Lack of quorum halts controversial internet Article 23
by Julianna Wu
Debate arose among online freedom of speech after the controversial Copyright Amendment Bill meeting was adjourned in Legislative Council yesterday.
After five times' quorum called by pan-democrats, only 29 legislators, below the requisite 35, showed up, president of Legislative Council Jasper Tsang Yok-sing had no choice but cancelled the meeting.
Before the meeting, pan-democrats said they would take legal moves in Legislative Council to delay the bill's second reading, which was restarted after the latest amendment on 2014.
In the latest version of Copyright Amendment Bill, the government has revised its proposal and allows exemptions under the "fair use" criteria.
According to Secretary of Commerce and Economic Development Gregory So Kam-leung, the new added six exemptions are "parodies, satires, caricatures, pastiches, and current affairs commentaries."
But still, online secondary creations such as new lyrics to existing tunes, live broadcast game playing, comic cosplay, and others, could face criminal liability if the bill is passed.
Plenty of online users commented on the Government Information Services Department's official Facebook page that the division of exemptions are unclear and they are afraid the bill would become a political tool striking freedom of speech.
Keyboard Frontline, a voluntary internet freedom defending organization founded in 2011, said the exemption should include but not limit to these six ones.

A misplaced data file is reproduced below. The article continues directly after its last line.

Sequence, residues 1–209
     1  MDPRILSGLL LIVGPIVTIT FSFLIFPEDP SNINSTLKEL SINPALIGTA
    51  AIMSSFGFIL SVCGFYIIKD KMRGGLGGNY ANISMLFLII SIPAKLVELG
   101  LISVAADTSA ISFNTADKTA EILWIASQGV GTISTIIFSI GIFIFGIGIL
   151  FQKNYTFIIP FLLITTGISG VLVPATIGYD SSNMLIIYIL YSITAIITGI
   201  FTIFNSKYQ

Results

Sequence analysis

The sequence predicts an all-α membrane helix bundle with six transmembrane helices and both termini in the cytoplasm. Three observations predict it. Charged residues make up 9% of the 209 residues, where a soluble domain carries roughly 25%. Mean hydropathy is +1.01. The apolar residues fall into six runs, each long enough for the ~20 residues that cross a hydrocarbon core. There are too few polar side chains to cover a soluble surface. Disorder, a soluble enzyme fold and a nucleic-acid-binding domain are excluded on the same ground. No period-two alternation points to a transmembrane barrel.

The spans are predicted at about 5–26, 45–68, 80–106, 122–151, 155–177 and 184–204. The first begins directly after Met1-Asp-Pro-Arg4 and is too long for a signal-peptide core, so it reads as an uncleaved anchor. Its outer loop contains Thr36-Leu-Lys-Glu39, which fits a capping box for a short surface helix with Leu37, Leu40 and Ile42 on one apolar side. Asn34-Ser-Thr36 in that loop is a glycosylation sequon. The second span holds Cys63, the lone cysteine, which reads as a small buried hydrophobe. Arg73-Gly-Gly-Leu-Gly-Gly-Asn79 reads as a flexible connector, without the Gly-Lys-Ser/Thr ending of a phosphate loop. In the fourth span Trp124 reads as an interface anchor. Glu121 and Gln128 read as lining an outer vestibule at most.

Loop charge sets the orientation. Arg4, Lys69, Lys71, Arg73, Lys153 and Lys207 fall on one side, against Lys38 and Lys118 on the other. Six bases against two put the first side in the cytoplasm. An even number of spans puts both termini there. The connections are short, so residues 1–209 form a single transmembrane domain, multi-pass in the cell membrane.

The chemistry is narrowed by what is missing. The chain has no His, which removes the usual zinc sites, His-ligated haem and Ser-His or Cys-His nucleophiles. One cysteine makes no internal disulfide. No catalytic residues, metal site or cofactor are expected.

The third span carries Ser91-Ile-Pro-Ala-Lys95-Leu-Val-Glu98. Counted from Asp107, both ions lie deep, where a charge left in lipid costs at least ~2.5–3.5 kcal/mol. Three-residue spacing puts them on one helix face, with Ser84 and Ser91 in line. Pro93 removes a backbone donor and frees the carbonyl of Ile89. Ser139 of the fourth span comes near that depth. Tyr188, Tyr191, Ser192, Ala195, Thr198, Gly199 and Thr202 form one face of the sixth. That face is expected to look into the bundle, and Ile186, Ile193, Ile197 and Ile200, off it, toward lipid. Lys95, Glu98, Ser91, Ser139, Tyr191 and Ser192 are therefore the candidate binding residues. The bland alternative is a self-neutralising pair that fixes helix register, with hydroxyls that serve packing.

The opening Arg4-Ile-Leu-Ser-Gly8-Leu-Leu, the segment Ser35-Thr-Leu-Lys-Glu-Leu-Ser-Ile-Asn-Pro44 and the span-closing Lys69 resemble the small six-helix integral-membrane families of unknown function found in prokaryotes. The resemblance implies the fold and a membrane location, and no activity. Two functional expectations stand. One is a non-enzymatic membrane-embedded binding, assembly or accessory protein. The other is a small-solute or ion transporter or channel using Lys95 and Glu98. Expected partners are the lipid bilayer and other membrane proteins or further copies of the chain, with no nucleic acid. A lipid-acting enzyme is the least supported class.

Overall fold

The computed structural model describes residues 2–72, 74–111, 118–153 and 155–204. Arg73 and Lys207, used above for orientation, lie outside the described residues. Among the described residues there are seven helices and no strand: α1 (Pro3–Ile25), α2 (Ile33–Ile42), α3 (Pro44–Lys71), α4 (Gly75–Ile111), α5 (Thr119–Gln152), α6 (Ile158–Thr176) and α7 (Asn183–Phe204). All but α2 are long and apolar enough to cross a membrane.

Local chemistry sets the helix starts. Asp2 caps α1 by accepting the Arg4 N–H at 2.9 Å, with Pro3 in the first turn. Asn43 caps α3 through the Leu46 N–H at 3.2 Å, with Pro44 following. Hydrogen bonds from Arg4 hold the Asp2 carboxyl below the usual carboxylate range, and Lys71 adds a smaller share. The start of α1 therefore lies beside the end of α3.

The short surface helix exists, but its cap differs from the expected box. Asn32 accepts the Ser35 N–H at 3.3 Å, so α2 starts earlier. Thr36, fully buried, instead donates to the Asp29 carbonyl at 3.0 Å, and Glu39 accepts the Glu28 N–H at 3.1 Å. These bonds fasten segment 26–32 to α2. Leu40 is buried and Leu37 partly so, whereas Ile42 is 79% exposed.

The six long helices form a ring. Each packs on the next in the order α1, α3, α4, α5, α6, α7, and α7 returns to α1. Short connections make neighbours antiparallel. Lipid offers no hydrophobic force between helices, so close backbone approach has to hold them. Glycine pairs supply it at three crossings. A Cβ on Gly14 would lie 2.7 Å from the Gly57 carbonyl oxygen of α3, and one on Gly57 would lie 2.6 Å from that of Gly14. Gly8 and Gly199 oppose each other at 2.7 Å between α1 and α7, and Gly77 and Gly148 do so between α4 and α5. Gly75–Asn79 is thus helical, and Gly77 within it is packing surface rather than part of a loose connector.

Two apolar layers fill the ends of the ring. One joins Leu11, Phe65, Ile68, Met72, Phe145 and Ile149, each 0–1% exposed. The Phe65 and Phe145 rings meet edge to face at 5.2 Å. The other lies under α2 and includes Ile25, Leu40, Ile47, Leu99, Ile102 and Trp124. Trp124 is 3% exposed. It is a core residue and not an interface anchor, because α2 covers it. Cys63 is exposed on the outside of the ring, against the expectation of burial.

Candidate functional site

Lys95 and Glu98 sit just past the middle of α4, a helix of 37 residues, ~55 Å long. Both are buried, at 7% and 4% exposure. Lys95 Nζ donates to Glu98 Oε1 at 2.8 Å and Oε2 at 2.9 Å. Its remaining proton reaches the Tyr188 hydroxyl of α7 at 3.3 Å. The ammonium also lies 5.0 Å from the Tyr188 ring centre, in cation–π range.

They requested the government to broader the criteria by applying the word "such as" to the examples.
This criteria of "open exemption" is used by the US in her copyright bill, according to spokeswoman of Keyboard Frontline Glacier Kwong Chung-ching.
Government said some relevant organizations, such as the record companies and songwriters, have signed deal with Youtube, a video-sharing website, to ensure the platform does not infringe the copyright if people upload their work and share there.
But online users, such as uploaders and performers, could receive the same exemption if they shared their secondary creations on Youtube.
"Hong Kong's copyright law is falling behind other developed places. It's time for the law to keep abreast of the modern development so the local entertainment and creative industries will not be affected," said the chief executive of General Chamber of Commerce Shirley Yuen.
Three out of five internet users in the city agree holders of copyrighted works need to be compensated if their works are uploaded and shared online, a survey conducted by YouGov found in September.
Keyboard Frontline was about to organize a protest outside Legislative Council on Wednesday night.
At around 8pm, several ten protesters in black showed up, followed by a butane gas canister blast inside a rubbish bin at the Legco demonstration zone.
Keyboard Frontline together with other "umbrella organizations" met with the Liberty Party to ask them to support the Pan-democrats on the bill on Wednesday.
Some of the city's famous artists and lyrics writers, including Lin Xi and Wyman Wong Wai-man, showed their support to internet freedom by saying "welcome to change my lyrics" through social media.
Hong Kong's copyright amendment for online material, which is referred as "Article 23 of the cyber world," received large opposition from internet users since it was first brought up in 2006.
(Edited by Harry Ng.)
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